The most recent platform for protected horticultural crop production, with the shortest history to date, is located entirely indoors, lacking even the benefit of free, natural sunlight. Although this may not sound offhand like a good idea for commercial specialty-crop production, the concept of indoor controlled-environment plant growth started originally for the benefit of researchers—to systematically investigate effects of specific environmental factors on plant growth and development in isolation from environmental factors varying in uncontrolled ways that would confound or change experimental findings. In addition to its value for basic and applied research, it soon was discovered that providing nonlimiting plant-growth environments greatly enhanced crop yield and enabled manipulation of plant development in ways that were never previously possible. As supporting technology for indoor crop production has improved in capability and efficiency, energy requirements have declined substantially for growing crops through entire production cycles in completely controlled environments, and this combination has spawned a new sector of the controlled-environment crop-production industry. This article chronicles the evolution of events, enabling technologies, and entrepreneurial efforts that have brought local, year-round indoor crop production to the forefront of public visibility and the threshold of profitability for a growing number of specialty crops in locations with seasonal climates.
In this article is considered the role of legumes in improving the ecological state of the soil and the problem of developing energy-efficient, inexpensive, biologically and environmentally clean production technologies for crop production. The use of valuable chemical fertilizers and pesticides in order to obtain high yields from crops increases the pollution of the environment, ie soil, air and groundwater, the products contain nitrates, herbicides, fungicides, insecticides, residues harmful to human health.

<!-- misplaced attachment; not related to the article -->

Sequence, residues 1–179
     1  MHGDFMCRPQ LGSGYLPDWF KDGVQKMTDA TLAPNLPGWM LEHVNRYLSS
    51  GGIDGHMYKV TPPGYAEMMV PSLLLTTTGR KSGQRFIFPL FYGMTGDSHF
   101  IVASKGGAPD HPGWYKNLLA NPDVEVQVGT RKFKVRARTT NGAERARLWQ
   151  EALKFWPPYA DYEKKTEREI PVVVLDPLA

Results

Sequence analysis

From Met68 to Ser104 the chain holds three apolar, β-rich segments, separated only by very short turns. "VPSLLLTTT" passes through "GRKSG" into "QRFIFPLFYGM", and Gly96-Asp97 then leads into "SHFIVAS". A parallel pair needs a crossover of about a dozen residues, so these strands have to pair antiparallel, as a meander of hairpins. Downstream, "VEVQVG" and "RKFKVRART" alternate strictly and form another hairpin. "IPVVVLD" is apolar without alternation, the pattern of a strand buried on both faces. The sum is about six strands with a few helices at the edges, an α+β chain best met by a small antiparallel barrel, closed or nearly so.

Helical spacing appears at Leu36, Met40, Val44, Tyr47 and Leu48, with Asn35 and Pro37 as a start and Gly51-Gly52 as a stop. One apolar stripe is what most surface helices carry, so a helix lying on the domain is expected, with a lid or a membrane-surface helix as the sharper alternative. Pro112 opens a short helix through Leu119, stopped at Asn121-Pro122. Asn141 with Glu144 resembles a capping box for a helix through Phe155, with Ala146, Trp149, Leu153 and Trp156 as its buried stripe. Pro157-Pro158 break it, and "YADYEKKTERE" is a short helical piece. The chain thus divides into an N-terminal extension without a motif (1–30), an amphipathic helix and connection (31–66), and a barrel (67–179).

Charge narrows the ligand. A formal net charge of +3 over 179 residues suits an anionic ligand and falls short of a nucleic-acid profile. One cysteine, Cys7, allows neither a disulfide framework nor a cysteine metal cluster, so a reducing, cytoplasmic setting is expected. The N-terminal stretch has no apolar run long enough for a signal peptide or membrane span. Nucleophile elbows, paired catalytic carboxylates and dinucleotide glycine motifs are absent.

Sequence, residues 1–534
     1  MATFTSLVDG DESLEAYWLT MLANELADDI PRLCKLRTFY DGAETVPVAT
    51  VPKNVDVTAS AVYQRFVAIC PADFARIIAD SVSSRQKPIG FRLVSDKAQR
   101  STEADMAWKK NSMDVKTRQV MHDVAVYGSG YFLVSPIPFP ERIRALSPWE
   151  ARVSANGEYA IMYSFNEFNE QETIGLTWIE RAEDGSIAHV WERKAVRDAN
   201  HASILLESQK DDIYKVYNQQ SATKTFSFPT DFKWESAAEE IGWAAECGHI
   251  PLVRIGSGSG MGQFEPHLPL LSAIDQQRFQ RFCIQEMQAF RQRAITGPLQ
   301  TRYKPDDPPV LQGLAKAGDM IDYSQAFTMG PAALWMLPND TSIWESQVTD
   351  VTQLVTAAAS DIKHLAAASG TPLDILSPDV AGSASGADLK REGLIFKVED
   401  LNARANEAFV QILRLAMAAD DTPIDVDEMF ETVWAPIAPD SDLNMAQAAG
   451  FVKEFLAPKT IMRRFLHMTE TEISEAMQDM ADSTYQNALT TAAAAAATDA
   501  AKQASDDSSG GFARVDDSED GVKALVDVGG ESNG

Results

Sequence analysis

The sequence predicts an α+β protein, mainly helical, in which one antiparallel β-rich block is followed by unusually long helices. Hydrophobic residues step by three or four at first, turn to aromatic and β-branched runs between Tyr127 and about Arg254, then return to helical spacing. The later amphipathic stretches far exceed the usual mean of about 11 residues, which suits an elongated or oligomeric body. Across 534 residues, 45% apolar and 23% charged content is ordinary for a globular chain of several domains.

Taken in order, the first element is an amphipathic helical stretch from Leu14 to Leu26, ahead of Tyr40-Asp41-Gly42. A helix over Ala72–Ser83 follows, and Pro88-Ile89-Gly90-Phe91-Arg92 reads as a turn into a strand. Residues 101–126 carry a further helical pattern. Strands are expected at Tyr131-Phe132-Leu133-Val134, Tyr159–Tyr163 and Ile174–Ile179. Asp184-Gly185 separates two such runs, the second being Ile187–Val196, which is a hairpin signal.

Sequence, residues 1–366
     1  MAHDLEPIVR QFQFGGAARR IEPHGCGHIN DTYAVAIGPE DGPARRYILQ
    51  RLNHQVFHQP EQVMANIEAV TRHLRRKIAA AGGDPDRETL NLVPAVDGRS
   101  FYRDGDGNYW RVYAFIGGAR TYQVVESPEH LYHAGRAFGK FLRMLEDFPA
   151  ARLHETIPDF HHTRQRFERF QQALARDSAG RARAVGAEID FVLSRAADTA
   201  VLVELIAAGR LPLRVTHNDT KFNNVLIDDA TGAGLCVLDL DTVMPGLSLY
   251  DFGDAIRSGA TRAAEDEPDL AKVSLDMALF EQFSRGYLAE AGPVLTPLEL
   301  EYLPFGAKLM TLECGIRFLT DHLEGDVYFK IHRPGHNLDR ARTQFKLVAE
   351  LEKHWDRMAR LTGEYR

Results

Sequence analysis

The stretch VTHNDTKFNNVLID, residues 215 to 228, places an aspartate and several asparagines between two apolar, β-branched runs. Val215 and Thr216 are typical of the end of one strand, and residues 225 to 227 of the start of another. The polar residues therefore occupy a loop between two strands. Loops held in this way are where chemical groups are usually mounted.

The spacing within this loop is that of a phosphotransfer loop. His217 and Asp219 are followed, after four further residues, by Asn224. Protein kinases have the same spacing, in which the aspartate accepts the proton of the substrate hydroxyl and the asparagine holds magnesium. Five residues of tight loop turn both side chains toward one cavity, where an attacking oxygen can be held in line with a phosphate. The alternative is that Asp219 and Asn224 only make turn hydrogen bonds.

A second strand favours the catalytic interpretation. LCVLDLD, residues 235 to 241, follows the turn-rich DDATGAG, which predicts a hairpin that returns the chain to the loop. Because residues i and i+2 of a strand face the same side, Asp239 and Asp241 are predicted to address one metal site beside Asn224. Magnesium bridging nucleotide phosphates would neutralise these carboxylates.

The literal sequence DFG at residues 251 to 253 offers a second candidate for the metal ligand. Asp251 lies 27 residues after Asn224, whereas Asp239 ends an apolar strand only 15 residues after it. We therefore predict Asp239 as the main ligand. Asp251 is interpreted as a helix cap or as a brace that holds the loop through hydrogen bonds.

Mixed farming systems are still prevalent in sub-Saharan Africa. In these systems, the recycling of nutrients through crop-livestock integration (CLI) practices is crucial for the sustainability of soil fertility and crop production. The objective of this study was to analyze nutrient (N, P, K) flows and balances of mixed farming systems to assess CLI contribution to the performance of those systems. We hypothesized that more intensive farms had a better nutrient balance at the farm level, and that improved biomass management methods improved their nutrient balance. Nine farms in the Madagascar highlands were selected, some corresponding to poor traditional farms with only draft cattle; some small or medium-sized, more intensive farms with a dairy herd; and some of the latter with some improvement to management methods of livestock effluents (manure composting, liquid manure collection). The nutrient balance of the farming systems was determined, and performance indicators were calculated at both farming, livestock, and CLI levels. Results showed that nutrient recycling through CLI is significant in the functioning of the systems studied, contributing primarily to circulating nutrient flows (up to 76%) and leading to greater efficiency and productivity. Nutrient flows resulting from these practices mainly concerned animal feeding (higher than 60% of nutrient flows), even if manure management was central for crop fertilization and that manure remained a desired animal product of these types of farms (up to 100% of animal products). Large negative balances of N and K (up to 80% of inputs) were observed in traditional livestock systems with draft cattle. They were smaller (39–68%) in more intensive dairy farms. Composting of manure did not decrease negative balances, whereas their magnitude was significantly reduced by the collection of liquid manure (19% for N; 42% for K). Better management of biomass at the farm level, in particular the collection of liquid manure, seemed to substantially reduce nutrient losses in MFS.